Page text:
Shure’s SRH1840s are the ‘Goldilocks’ of headphones. As in the fairy tale, these cans are ‘just right’ – a confident and composed pair of headphones, their relatively mundane look masks the superb sonic quality they can achieve.
So what makes these Shures ‘just right’? Well the 1840s sit in a sweet spot between the Grados and Sennheisers, combining comfort and refinement with agility and toe-tapping entertainment.
Shure SRH1840: Sound quality
Simply put, these 1840s are a delight to listen to. Listen to James Rhodes playing Bach’s Chaconne in D Minor, and the piano glides along beautifully. You’ll be immersed in the way the Shures deliver each note with plenty of insight and enthusiasm for the full 16 minutes of the piece.
They’re able to handle more complex recordings without ever feeling strained. The intricate arrangement in Radiohead’s 15 Step can be daunting, but the Shures hold their own: each instrument is separate while also working with the rest to make
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They are nicely fluid with dynamics too, so they go loud easily without losing control while also allowing quieter moments to retain depth.
These Shures have a great ability to make recordings sound as realistic as possible: treble has a natural shimmer, and basslines are taut and agile, giving them an edge over the Beyerdynamic T5p.
But it’s their ability to dig out the more subtle details of a recording that really makes these Shures a five-star sure thing. Nuances in vocals are revealed, laying bare the emotional touches of James Vincent McMorrow’s mournful lyrics in Follow You Down To The Red Oak Tree.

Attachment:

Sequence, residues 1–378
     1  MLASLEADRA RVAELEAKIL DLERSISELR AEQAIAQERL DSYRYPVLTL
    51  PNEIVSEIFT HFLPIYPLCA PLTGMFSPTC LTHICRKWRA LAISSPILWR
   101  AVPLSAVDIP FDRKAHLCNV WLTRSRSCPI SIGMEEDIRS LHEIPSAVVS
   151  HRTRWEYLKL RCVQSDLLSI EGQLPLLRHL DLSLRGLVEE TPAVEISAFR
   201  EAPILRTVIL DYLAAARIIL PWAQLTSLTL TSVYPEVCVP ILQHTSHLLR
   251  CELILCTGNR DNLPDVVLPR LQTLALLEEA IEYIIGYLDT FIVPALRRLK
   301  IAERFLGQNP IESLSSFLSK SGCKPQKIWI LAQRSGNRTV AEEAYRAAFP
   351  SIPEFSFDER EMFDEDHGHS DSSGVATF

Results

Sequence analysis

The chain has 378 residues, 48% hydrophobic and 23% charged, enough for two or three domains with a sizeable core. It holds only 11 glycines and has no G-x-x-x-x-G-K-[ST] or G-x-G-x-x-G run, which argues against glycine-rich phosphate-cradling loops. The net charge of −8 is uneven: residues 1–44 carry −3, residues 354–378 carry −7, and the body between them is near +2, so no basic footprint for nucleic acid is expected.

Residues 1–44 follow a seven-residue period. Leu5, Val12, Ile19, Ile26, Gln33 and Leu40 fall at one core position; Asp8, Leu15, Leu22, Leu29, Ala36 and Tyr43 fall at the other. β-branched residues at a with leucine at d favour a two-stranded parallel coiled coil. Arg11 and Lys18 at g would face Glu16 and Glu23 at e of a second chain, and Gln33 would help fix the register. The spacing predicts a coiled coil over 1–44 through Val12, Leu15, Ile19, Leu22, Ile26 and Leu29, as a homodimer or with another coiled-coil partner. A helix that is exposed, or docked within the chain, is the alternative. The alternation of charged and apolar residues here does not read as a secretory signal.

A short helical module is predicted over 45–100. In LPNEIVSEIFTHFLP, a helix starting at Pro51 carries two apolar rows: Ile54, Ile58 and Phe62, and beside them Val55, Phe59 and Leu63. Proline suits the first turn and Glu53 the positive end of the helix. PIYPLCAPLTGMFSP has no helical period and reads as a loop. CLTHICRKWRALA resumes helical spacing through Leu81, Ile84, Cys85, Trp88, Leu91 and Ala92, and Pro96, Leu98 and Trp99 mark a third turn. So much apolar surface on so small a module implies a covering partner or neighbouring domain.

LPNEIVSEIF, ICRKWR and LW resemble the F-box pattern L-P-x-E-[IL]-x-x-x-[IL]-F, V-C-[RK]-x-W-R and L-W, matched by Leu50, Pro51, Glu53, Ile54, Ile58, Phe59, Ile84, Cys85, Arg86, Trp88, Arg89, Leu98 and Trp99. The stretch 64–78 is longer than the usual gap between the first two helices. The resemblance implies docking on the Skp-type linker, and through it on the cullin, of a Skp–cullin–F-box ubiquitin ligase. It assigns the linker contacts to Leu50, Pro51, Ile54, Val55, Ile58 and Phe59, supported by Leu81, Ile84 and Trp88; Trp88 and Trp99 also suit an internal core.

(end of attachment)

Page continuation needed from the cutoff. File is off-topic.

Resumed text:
The Shures aren’t just efficient – they are also enormously fun to listen to. Their deft handling of any style of music in varying file sizes means you will be endlessly entertained by the 1840s. High-quality headphones like these deserve the best partnering equipment, so make sure you have a decent headphone amplifier.
Shure SRH1840: Comfort and build
These cans are up there with the Sennheiser HD700s for comfort as well. They’re not as light as the HD700s, but the plush velour ear pads make them a cosy fit and they are comfortable to wear for hours on end.
The headphones themselves are of a sturdy build, with a padded headband that’s flexible and easy to adjust. Shure has clearly given some thought to the presentation and longevity of these high-end cans: additional cables and ear pads are provided inside a well-built storage case.
To put the icing on an already extremely impressive cake – and despite being rather large open-backed headphones – the Shures leak the least sound of any similarly configured rival here. And yet they sound as open and spacious as the Grado PS500s.
When you consider that this is Shure’s first foray into open-backed headphones, it’s
quite an impressive feat. It also means that you can just about get away with listening to your favourite tracks in public.
Shure has a winner on its hands; we can’t praise the 1840s enough. This is a wonderfully musical pair of headphones that comfortably justify their price.